Will The Traditional Maps Be Replaced By Google Maps And Sat Nav?

In the face of Google Maps and Sat Nav, is the traditional folded map on the way to its demise? Jeff Bishop dismisses the talk because he thinks that Sat Nav is not accurate. While it can show a route from A to B, there is an absence of context along the way. According to Bishop, Google Maps are ugly with no quality on them.
To Bishop’s delight, there is a Bristol company that is on a mission to create beautiful and functional online maps. Green Chameleon, a design and marketing agency that is based on King Street is working with clients in the travel industry that have successfully created interactive digital maps of Japan, Burma and Indochina.
According to creative director, Tom Anderson, the maps they produce are built for online experience that is why they aim to create something that is unique in design to delight users. Travellers who want to go to a certain place will be allowed to explore the areas that they intend to visit through the digital maps.
Maps and trails are now being used to boost tourism as well as the economy. There are different maps being used today for visitors, for tourists and for locals who want to move around. People see today a wide range of different local mappings that has been triggered by the eventual takeover of Sat Nav and Google Maps.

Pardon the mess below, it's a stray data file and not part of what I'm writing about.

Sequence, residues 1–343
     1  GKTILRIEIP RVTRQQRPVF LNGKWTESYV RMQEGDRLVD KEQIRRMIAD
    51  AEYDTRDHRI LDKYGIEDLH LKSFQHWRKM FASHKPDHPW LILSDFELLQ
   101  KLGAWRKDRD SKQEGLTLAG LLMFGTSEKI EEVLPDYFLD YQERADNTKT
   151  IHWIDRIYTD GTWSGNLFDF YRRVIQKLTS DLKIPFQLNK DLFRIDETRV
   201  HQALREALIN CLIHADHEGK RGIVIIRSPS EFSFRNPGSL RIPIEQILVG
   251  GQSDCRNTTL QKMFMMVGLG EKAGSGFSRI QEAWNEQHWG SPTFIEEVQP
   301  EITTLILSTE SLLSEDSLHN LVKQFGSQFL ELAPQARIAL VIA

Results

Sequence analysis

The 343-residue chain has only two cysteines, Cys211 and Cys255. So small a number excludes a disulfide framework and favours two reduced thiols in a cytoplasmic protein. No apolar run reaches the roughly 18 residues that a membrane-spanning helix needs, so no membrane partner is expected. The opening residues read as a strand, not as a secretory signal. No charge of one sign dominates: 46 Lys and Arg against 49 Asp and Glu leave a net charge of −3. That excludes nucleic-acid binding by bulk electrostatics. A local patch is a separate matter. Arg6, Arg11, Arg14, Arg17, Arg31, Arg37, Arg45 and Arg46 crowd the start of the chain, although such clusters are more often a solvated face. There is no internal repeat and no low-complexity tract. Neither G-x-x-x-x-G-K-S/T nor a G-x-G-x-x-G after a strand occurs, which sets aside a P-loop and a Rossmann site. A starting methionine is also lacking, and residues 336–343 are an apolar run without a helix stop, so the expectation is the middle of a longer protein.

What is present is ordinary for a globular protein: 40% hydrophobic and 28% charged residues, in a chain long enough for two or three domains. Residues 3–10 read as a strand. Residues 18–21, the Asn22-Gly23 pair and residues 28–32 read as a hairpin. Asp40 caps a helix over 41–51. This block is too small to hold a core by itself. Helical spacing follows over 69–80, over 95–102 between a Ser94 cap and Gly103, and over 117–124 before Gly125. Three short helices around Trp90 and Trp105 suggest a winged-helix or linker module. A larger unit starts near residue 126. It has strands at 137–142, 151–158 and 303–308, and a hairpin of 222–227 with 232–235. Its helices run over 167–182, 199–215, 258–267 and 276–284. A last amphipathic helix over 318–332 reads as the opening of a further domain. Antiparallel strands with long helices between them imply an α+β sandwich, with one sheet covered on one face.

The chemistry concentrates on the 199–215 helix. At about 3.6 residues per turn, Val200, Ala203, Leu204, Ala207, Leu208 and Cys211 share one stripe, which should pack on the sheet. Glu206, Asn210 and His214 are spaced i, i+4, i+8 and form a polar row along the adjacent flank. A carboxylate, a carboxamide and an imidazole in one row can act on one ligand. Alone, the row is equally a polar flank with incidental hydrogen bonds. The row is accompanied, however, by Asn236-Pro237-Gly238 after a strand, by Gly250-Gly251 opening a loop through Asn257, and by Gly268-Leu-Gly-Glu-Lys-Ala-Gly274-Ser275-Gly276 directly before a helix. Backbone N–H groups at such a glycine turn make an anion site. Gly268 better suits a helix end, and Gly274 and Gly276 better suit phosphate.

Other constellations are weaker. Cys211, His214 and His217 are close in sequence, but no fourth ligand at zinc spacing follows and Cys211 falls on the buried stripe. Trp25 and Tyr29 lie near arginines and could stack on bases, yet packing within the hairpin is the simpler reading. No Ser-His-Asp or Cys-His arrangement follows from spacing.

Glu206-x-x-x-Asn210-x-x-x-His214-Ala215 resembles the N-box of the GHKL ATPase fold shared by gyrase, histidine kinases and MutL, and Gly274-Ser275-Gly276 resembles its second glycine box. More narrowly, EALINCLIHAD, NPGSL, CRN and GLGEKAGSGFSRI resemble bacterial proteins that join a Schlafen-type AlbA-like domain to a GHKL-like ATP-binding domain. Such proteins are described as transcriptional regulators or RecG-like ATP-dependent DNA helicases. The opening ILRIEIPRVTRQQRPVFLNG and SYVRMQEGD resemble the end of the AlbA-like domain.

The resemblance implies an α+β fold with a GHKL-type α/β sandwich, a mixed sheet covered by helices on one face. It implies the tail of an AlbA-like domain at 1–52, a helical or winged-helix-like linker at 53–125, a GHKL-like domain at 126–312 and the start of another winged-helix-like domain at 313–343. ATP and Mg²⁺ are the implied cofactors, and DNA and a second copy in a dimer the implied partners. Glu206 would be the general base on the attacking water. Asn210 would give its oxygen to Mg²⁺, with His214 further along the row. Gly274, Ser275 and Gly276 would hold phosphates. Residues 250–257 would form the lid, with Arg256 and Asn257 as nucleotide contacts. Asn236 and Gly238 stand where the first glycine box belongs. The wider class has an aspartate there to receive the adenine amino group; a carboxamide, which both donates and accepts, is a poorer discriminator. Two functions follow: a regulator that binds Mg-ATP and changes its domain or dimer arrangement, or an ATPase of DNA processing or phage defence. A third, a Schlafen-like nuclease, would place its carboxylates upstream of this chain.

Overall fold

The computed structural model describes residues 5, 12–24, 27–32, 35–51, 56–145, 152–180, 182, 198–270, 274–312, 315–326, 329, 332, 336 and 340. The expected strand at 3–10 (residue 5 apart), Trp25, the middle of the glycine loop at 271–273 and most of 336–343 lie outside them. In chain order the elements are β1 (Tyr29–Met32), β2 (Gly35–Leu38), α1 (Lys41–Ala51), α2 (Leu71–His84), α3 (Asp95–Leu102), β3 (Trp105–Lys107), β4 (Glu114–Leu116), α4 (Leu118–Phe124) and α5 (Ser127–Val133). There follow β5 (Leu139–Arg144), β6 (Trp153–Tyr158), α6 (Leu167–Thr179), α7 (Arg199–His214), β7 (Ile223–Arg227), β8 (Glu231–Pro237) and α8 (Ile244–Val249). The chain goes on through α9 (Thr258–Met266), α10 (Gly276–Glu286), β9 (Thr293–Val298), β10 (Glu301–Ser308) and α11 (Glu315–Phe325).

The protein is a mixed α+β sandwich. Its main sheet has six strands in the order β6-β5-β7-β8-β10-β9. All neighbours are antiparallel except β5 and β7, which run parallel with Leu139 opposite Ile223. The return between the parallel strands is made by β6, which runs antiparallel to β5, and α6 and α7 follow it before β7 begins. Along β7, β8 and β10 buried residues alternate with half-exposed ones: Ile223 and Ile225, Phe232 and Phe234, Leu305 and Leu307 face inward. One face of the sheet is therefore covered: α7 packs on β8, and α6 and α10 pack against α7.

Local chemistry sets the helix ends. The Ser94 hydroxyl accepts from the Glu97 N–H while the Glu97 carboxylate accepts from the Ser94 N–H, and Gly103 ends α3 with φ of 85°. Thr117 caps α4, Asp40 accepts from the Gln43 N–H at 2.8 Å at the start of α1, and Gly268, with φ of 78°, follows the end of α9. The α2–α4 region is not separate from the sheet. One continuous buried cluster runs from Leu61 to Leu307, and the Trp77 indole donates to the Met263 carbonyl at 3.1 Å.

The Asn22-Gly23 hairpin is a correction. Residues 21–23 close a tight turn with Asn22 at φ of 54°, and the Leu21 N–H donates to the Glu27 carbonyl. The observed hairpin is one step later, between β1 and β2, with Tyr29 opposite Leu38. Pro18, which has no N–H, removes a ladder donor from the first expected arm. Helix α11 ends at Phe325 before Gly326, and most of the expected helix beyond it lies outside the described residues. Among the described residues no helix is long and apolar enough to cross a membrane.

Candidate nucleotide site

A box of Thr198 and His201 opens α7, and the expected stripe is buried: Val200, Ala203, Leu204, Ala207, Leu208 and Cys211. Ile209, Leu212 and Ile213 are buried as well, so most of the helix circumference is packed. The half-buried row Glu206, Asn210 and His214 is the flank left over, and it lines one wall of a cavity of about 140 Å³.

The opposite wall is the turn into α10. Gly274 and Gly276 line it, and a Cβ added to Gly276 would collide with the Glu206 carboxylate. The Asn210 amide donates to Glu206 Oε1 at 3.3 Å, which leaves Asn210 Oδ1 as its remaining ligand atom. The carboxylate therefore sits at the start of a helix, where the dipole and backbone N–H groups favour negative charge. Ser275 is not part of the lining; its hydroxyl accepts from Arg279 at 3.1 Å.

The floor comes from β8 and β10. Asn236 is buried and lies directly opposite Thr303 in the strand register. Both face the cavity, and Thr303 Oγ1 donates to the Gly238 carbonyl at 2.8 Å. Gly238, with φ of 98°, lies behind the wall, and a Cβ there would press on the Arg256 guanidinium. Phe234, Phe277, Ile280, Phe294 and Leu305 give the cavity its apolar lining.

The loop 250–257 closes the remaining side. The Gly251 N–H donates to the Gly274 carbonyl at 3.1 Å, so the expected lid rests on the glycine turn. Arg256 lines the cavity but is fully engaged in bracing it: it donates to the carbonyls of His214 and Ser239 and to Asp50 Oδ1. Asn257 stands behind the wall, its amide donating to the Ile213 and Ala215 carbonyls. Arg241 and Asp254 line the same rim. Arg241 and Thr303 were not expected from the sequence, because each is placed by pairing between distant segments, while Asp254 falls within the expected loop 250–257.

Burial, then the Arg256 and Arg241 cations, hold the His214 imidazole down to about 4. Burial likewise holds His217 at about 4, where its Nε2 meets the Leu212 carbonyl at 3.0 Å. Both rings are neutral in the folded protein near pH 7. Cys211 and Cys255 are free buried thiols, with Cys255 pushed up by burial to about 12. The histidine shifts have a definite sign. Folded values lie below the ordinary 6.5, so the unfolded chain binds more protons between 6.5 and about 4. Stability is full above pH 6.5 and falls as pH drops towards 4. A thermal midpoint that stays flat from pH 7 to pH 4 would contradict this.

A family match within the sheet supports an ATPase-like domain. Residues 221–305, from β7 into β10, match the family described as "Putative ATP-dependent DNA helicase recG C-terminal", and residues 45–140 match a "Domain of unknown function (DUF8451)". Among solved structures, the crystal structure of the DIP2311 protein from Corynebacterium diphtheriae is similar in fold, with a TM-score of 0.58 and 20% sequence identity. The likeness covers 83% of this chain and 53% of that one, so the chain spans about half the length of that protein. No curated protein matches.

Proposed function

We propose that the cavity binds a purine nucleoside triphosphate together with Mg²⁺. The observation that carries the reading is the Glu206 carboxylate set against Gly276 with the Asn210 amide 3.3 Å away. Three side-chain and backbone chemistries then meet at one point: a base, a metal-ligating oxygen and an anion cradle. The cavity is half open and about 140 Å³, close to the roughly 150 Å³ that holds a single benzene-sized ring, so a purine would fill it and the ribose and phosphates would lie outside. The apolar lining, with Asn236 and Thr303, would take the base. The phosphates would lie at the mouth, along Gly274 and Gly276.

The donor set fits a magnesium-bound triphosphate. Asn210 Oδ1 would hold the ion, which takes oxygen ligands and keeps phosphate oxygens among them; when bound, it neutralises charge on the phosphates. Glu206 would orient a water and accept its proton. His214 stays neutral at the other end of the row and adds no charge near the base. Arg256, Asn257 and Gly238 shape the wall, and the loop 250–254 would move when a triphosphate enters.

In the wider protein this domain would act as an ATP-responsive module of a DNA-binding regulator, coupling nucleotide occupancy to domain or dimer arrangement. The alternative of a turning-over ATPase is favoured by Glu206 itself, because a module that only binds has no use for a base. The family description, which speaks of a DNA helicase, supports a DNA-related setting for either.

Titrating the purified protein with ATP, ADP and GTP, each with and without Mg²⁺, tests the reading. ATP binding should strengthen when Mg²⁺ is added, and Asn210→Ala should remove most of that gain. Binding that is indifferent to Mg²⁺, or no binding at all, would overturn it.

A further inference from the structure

However, nothing beats the original 1480 map that was drawn during the start of the Tudor Dynasty that still exists today and is considered as the oldest surviving map of any city in the United Kingdom. The map illustrations show the High Cross that stood at the center of the crossroads of Bristol’s four main streets. It showed a city that was surrounded by walls, four city gates and prosperous looking buildings.
Map illustrations were very popular centuries ago not for the purpose of finding your way around but to show a hint of how life was back then. Some of the landmarks that have been depicted in the illustrated maps are now gone but such greatness is still preserved in the maps. History has been effectively reflected in the maps to give people an idea of Bristol in its early years.

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